French archaeologists made a surprising discovery during an excavation in Alsace, France, when they uncovered a substantially elongated skull dating back 1,500 years. The finding prompted the archaeologists to extend their search over 7.5 acres, which resulted in the discovery of an abundance of artefacts, human and animal remains from Neolithic, Gallic, Gallo-Roman, and Merovingian societies.
The skull appears to have been intentionally elongated through the practice known as cranial deformation, which is usually associated with ancient Mesoamerican cultures and was practiced extensively in Europe, Africa, Asia, and as noted, South America. Cranial deformation is achieved by distorting the normal growth of a child's skull by applying force through binding the head between pieces of wood or binding it in cloth. It is typically carried out on an infant, as the skull is most pliable at this time.
The skull was discovered during excavation of a necropolis containing 18 burials. It was discovered in a tomb belonging to a woman who clearly held a high status position in society as she was buried with a rich assortment of treasures including gold pins, a silver mirror, beads of glass and amber, a comb made from deer antler and a number of other goods.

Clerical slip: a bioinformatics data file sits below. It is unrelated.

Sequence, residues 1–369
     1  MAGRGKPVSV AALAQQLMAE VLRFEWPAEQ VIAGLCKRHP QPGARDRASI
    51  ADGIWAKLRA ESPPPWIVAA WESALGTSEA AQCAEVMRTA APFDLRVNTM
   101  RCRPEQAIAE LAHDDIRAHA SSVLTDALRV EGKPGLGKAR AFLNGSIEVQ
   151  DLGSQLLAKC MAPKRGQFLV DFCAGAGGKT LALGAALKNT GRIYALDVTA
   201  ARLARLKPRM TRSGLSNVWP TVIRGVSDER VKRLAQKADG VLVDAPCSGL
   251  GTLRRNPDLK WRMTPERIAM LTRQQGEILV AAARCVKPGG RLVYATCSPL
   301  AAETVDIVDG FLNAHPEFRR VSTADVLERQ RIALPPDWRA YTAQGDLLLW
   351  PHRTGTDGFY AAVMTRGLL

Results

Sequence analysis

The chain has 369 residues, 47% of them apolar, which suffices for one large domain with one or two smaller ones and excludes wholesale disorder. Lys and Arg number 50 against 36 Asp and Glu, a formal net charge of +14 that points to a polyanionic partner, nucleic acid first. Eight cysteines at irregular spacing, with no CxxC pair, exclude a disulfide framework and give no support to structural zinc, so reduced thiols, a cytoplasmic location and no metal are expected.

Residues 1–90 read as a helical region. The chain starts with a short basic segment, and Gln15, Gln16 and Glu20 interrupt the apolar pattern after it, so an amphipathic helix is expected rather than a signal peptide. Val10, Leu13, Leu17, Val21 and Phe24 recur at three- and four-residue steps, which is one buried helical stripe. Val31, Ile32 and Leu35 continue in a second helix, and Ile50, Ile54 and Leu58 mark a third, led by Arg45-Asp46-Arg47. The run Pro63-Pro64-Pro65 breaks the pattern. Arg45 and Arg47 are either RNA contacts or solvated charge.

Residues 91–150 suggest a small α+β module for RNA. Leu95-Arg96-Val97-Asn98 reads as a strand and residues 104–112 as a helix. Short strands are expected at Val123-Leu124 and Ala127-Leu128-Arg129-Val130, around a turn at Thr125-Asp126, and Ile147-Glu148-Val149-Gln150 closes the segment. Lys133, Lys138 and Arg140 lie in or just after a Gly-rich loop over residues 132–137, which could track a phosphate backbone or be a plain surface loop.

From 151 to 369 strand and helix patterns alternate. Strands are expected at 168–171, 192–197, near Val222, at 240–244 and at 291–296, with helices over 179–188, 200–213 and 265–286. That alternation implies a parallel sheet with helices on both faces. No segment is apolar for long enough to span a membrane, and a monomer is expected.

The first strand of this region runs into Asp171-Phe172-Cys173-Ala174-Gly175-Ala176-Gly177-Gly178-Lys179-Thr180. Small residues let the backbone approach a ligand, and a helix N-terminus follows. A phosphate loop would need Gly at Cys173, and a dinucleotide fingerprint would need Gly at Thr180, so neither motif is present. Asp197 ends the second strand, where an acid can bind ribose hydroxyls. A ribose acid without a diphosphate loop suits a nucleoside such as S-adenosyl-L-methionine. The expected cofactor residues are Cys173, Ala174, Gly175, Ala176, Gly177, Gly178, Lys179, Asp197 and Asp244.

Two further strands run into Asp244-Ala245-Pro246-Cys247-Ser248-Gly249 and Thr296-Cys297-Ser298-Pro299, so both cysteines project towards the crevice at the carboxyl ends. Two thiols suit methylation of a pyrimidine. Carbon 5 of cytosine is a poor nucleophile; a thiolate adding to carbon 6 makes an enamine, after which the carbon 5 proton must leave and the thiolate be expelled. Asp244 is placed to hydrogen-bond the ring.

Cranial deformation was frequently associated with the elites of society and affirmed their high status. The important question of course is why? A number of alternative theorists have proposed that the practice was done to mimic a race of people who were born with elongated skulls and who were obviously held in high esteem. Brien Foerster has written extensively on the subject and has presented compelling evidence relating to skulls that were significantly elongated through genetics and not through cranial deformation. Many questions remain to be answered.
Source http://ancient-origins.net/news-history ... nce-001006
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